Hospital Injuries

Doctors are often faced with problems that they must solve quickly, or the person being treated could pass away. Unfortunately, the pressure to act quickly can then cause them to make mistakes that would have otherwise easily been avoided.

Below is one example of how that can happen and the potential ramifications.

A Heart Attack?

A man arrives at the emergency room, and he believes he is having a heart attack. He's having trouble breathing and he is experiencing a lot of chest pain. He's also 55 years old; that's young, but not young enough that a heart attach would be shocking. What's more, when doctors check his file, they find that he's had high blood pressure for decades. That makes it even more clear that a heart attack is a threat.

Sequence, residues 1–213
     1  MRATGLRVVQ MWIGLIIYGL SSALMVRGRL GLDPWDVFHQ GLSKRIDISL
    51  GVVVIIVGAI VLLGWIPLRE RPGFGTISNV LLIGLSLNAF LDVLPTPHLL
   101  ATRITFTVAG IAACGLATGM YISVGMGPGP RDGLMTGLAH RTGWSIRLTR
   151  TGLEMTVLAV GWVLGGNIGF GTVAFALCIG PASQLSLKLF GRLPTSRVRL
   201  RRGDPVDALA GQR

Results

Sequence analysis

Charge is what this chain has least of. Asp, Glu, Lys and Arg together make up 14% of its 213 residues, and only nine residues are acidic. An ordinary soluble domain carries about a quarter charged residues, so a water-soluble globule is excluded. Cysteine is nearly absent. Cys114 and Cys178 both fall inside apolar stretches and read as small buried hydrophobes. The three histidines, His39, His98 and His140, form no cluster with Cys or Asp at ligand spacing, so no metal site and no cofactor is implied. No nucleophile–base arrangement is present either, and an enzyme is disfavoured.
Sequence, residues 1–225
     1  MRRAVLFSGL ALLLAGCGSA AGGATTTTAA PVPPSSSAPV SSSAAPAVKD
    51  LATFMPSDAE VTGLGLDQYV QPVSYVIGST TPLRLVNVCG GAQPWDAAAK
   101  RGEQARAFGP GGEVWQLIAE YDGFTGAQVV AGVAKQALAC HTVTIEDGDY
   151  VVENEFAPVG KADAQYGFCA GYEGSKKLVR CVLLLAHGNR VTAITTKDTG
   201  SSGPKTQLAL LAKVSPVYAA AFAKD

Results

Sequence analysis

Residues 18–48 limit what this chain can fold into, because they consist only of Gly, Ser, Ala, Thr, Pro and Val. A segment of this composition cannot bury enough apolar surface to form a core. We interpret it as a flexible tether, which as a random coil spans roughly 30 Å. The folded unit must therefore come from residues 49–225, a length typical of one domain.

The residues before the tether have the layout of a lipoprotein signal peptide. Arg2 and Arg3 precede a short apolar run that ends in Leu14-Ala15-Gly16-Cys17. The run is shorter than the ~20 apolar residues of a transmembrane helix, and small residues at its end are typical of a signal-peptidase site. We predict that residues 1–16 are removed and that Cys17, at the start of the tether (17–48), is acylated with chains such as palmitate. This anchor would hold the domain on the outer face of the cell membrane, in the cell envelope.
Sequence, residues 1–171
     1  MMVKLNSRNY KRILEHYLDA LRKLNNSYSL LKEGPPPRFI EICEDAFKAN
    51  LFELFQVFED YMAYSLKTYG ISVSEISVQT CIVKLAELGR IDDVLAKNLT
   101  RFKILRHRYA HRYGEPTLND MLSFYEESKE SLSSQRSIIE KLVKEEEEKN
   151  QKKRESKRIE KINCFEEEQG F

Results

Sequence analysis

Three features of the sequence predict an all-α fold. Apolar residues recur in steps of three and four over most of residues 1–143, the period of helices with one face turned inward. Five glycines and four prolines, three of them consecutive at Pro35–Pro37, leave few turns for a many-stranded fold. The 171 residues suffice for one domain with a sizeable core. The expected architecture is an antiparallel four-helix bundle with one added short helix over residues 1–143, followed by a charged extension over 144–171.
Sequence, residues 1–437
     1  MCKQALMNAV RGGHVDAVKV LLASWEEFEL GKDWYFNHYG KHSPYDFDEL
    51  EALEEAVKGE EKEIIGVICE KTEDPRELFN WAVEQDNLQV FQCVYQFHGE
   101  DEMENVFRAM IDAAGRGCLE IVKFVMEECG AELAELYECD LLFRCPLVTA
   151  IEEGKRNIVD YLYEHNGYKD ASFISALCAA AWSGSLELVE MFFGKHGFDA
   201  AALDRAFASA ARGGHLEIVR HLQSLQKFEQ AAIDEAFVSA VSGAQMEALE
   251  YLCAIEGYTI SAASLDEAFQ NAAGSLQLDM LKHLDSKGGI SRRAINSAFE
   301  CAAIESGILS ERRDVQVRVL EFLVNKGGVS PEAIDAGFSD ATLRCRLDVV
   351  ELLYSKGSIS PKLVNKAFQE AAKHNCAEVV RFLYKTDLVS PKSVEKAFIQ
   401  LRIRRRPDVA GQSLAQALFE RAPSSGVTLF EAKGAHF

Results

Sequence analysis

However, when doctors run the blood tests and the electrocardiogram, they get negative results. They know that doesn't mean it's not a heart attack, as the tests don't always catch them, but it still suggests it's something else.

That clock is ticking, though. Doctors know they may not have time to dig into it further before the man passes away. A doctor decides to give blood thinners to the man in the hope that they'll help keep him alive.

It doesn't work. The man dies, and then doctors find out that it really wasn't a heart attack. It was an aortic dissection, which is a tear in the heart. The man got the wrong treatment, the doctors made the wrong diagnosis and the patient passed away as a direct result.

What's Next?

For grieving family members, it's not enough just to understand why mistakes are made. They want to know what legal options they have, which could include a right to compensation if doctors were negligent while making fatal errors.